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Cholinergic modulation of event-related oscillations (ERO).

Authors
  • Sanchez-Alavez, Manuel1
  • Robledo, Patricia2
  • Wills, Derek N1
  • Havstad, James2
  • Ehlers, Cindy L3
  • 1 Department of Molecular and Cellular Neuroscience, The Scripps Research Institute, 10550 North Torrey Pines Road, SP30-1501, La Jolla, CA 92037, USA.
  • 2 Laboratory of Neuropharmacology, Faculty of Health and Life Sciences, Universitat Pompeu Fabra, Plaça de la Mercè, 10-12, 08002 Barcelona, Spain. , (Spain)
  • 3 Department of Molecular and Cellular Neuroscience, The Scripps Research Institute, 10550 North Torrey Pines Road, SP30-1501, La Jolla, CA 92037, USA. Electronic address: [email protected]
Type
Published Article
Journal
Brain research
Publication Date
Apr 22, 2014
Volume
1559
Pages
11–25
Identifiers
DOI: 10.1016/j.brainres.2014.02.043
PMID: 24594019
Source
Medline
Keywords
License
Unknown

Abstract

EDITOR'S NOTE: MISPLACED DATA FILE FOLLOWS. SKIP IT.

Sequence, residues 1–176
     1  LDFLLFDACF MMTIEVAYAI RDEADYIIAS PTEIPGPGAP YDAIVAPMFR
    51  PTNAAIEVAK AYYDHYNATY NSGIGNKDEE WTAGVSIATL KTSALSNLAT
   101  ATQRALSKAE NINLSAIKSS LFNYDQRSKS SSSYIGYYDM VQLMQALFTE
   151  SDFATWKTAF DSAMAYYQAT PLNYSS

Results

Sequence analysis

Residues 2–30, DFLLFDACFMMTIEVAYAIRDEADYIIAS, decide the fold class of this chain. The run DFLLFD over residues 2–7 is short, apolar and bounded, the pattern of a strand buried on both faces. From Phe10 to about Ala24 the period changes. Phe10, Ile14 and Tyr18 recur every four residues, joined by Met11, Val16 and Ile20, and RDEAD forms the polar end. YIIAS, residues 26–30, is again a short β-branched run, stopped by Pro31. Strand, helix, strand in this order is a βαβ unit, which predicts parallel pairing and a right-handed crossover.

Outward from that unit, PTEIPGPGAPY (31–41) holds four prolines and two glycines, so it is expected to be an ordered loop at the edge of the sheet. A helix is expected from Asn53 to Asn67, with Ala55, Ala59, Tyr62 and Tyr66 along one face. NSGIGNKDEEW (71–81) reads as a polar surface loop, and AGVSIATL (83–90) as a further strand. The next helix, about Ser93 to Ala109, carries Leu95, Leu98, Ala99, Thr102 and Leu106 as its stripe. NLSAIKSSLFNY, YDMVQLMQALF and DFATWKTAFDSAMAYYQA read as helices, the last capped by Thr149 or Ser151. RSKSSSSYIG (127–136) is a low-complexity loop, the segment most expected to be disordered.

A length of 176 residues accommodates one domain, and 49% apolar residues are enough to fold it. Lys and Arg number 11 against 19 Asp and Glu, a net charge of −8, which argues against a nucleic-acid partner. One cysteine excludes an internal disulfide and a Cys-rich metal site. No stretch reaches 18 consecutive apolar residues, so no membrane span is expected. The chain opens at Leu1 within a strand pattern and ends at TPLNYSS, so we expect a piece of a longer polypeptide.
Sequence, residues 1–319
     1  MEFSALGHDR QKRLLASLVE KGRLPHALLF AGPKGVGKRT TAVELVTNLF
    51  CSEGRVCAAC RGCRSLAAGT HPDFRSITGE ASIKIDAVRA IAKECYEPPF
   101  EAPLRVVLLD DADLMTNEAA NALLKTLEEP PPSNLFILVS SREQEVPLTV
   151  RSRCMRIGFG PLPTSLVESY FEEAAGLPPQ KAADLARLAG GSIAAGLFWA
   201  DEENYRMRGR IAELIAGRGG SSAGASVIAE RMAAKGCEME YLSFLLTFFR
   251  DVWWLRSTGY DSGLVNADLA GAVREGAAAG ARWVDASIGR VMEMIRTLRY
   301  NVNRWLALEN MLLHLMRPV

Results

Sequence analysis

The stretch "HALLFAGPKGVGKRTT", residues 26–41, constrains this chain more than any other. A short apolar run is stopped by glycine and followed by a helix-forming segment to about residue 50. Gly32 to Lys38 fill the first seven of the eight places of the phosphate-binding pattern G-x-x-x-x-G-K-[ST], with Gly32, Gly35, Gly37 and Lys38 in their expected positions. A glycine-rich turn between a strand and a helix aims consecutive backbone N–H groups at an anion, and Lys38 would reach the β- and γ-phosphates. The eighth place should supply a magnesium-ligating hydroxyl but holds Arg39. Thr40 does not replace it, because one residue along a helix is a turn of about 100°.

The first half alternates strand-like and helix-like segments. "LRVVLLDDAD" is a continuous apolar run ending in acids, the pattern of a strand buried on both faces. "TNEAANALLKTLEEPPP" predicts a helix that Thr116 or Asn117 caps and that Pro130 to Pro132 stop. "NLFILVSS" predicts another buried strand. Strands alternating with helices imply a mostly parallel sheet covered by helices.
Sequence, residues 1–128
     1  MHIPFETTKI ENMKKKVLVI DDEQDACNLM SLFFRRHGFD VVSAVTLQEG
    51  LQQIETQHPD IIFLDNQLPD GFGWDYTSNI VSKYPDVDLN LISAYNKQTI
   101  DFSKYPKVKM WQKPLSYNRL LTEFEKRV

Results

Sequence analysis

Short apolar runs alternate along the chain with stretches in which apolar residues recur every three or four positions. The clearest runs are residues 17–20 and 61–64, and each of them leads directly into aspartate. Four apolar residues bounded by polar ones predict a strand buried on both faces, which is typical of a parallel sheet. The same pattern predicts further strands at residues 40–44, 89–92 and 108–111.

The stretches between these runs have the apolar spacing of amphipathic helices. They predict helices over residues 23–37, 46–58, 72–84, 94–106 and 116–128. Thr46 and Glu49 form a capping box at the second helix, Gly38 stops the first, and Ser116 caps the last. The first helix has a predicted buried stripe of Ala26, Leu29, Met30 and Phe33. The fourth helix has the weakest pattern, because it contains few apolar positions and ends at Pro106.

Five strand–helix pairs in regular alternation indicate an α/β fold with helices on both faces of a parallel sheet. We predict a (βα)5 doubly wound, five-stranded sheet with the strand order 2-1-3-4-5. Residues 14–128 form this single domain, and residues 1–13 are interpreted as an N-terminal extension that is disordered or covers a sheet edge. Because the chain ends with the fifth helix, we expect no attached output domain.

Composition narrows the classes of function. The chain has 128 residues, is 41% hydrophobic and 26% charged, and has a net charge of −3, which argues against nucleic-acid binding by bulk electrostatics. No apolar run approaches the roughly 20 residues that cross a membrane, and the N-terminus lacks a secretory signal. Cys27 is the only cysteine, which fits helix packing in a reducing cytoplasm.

The cholinergic system in the brain modulates patterns of activity involved in general arousal, attention processing, memory and consciousness. In the present study we determined the effects of selective cholinergic lesions of the medial septum area (MS) or nucleus basalis magnocellularis (NBM) on amplitude and phase characteristics of event related oscillations (EROs). A time-frequency based representation was used to determine ERO energy, phase synchronization across trials, recorded within a structure (phase lock index, PLI), and phase synchronization across trials, recorded between brain structures (phase difference lock index, PDLI), in the frontal cortex (Fctx), dorsal hippocampus (DHPC) and central amygdala (Amyg). Lesions in MS produced: (1) decreases in ERO energy in delta, theta, alpha, beta and gamma frequencies in Amyg, (2) reductions in gamma ERO energy and PLI in Fctx, (3) decreases in PDLI between the Fctx-Amyg in the theta, alpha, beta and gamma frequencies, and (4) decreases in PDLI between the DHPC-Amyg and Fctx-DHPC in the theta frequency bands. Lesions in NBM resulted in: (1) increased ERO energy in delta and theta frequency bands in Fctx, (2) reduced gamma ERO energy in Fctx and Amyg, (3) reductions in PLI in the theta, beta and gamma frequency ranges in Fctx, (4) reductions in gamma PLI in DHPC and (5) reduced beta PLI in Amyg. These studies suggest that the MS cholinergic system can alter phase synchronization between brain areas whereas the NBM cholinergic system modifies phase synchronization/phase resetting within a brain area.

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